The long-simmering outrage of Black masses has broken out into a movement against this racist society, particularly its pattern of racist killings by the police. It has not only reverberated internationally, but also made itself felt in the battle of ideas and the sphere of theory.
In celebrating the first 60 years of News and Letters Committees, we reprint excerpts from the Draft Perspectives for 1975-76 by Raya Dunayevskaya, the first printed in News & Letters.
THE MOVEMENT KNOWS, of course, that the class enemy is at home, within each country. It knows full well that each existing state power is weighted down with fear of revolution. And it does not fail to appreciate that, no matter how deep the intra-imperialist rivalries, capitalist class solidarity holds tightest and strongest against its own people.
In Hegel we witness subjectivity coming out of objectivity, and the opposite movement. Dunayevskaya’s May 20, 1953, Letter interprets the Hegelian dialectic in a revolutionary way. What philosophical-political conclusions can be made?
From the News and Letters pamphlet The Coal Miners’ General Strike of 1949-50 and the Birth of Marxist-Humanism in the U.S. we excerpt from Raya Dunayevskaya’s “The Emergence of a New Movement from Practice that Is Itself a Form of Theory,” on miners’ contributions to the philosophic birth of Marxist-Humanism.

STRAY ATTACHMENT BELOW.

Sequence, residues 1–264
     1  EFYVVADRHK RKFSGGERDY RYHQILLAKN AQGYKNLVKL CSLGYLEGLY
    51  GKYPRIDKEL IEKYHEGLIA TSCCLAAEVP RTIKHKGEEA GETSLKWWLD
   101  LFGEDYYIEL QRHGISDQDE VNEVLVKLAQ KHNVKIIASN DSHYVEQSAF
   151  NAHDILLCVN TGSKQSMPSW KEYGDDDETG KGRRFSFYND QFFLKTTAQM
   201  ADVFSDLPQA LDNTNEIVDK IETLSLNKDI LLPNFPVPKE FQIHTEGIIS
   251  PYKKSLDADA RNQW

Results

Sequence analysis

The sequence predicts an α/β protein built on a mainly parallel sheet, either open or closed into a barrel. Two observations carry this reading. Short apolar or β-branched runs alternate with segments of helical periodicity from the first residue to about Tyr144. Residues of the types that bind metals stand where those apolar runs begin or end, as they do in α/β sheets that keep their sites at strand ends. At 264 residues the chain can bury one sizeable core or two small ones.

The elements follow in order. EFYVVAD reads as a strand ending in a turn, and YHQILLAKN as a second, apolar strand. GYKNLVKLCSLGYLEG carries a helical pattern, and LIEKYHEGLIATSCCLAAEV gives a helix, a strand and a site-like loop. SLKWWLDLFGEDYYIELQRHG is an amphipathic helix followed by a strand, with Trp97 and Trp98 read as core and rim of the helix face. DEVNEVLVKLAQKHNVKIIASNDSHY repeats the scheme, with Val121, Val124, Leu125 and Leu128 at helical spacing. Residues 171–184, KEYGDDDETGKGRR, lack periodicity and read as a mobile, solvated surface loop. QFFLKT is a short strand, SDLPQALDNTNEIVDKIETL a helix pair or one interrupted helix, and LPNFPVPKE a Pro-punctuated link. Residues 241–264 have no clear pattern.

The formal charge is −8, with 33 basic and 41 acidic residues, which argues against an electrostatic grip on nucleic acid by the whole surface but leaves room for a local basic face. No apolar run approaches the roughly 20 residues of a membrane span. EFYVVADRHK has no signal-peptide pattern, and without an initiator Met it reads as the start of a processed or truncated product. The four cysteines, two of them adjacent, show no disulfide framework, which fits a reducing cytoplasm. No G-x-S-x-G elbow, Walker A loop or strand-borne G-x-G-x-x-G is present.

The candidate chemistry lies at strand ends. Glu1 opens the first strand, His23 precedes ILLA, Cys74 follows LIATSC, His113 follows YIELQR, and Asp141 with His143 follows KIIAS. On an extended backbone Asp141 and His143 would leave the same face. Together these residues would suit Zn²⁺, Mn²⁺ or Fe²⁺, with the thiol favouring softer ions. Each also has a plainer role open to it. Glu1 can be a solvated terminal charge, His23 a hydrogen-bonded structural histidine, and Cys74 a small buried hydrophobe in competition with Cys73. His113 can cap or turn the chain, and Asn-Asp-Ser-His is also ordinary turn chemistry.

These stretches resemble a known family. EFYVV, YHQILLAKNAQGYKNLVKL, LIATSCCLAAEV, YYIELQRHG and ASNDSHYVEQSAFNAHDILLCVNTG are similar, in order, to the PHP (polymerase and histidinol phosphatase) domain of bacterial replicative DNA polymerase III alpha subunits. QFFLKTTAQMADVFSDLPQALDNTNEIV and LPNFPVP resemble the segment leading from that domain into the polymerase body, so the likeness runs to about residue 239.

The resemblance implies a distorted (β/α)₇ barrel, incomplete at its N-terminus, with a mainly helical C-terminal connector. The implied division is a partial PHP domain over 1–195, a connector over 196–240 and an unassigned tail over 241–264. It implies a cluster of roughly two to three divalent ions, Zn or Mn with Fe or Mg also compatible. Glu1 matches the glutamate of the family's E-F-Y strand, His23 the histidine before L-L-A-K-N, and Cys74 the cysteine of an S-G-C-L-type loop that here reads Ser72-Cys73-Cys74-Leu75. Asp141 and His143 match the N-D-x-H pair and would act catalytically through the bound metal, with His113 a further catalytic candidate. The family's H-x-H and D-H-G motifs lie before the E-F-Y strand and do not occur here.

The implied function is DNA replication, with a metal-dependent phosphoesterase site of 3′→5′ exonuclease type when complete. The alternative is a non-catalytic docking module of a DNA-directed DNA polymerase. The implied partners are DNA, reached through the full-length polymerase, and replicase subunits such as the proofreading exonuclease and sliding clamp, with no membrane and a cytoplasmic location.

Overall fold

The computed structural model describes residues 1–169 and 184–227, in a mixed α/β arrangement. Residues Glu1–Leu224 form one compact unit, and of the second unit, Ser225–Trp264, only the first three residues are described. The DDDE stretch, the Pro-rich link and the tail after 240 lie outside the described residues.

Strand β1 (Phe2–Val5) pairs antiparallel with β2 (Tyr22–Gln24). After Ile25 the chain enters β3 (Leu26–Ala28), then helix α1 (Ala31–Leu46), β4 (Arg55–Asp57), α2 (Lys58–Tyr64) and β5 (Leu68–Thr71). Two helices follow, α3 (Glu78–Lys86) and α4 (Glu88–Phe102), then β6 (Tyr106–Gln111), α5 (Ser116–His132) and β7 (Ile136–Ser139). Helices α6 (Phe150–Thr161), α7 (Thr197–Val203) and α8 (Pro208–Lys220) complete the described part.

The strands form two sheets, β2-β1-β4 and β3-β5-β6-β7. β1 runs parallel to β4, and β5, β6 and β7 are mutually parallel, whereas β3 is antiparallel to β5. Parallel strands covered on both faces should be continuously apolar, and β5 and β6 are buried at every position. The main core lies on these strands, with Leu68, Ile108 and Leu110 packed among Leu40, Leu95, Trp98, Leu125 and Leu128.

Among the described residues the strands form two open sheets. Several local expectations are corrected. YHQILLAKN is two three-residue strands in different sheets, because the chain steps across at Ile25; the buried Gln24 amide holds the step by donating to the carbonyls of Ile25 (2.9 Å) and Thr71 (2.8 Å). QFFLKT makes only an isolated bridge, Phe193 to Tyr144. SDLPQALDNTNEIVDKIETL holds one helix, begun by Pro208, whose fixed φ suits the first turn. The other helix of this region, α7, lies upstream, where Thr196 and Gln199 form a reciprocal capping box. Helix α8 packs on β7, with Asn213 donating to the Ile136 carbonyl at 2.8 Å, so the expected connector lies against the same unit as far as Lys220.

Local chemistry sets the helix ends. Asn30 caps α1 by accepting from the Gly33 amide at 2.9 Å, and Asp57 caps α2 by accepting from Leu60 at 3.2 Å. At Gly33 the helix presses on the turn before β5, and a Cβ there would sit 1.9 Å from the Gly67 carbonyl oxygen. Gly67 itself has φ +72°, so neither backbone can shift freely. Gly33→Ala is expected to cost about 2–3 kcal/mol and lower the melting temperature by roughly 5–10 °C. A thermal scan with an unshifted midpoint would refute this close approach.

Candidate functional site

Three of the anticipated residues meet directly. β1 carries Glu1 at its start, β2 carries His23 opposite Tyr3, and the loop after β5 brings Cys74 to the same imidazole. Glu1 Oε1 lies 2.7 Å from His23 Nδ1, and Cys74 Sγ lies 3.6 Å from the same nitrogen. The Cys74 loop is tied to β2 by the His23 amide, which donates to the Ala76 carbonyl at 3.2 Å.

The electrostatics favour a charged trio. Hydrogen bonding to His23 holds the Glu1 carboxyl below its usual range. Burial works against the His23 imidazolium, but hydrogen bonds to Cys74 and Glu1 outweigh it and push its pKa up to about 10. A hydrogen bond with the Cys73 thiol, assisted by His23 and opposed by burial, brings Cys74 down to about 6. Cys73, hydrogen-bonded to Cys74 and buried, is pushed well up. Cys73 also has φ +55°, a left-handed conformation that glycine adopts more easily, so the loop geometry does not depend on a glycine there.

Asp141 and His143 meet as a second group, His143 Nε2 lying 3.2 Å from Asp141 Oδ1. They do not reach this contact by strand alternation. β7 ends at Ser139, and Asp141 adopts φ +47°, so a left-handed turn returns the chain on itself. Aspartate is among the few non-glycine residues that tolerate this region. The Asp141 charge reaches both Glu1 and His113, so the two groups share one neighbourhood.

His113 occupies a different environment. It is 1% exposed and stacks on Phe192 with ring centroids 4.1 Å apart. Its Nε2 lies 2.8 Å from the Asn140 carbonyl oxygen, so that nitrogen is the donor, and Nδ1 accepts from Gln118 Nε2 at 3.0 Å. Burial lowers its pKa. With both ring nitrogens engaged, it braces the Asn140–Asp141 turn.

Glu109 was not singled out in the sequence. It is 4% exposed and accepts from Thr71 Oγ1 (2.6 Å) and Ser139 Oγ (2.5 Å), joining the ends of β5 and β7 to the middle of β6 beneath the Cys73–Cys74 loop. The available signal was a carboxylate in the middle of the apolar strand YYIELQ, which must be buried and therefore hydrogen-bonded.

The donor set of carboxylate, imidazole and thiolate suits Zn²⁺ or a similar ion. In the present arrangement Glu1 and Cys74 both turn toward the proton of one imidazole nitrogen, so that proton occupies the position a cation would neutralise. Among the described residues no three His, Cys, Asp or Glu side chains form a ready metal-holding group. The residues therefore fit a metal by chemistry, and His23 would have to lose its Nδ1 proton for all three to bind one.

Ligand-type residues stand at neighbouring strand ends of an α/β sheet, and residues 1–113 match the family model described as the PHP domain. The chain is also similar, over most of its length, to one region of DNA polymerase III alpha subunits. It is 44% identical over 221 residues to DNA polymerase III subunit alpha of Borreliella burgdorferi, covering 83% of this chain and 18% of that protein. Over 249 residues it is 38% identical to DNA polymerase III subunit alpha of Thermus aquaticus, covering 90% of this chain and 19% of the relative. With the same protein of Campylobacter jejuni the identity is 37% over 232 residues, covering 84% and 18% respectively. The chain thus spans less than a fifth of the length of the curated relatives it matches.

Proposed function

Raya Dunayevskaya’s May 20, 1953, letter is one of the historic-philosophic writings included in The Philosophic Moment of Marxist-Humanism.
Although we, as a state capitalist tendency, had been saying for years that we live in an age of absolutes, that the task of the theoreticians was the working out materialistically of Hegel’s last chapter on The Absolute Idea, we were unable to relate the daily struggles of the workers to this total conception. The maturity of the age, on the other hand, disclosed itself in the fact that, with automation, the worker began to question the very mode of labor. Thus the workers began to make concrete, and thereby extended, Marx’s profoundest conceptions, for the innermost core of the Marxian dialectic, around which everything turns, is that the transformation of society must begin with the material life of the worker, the producer.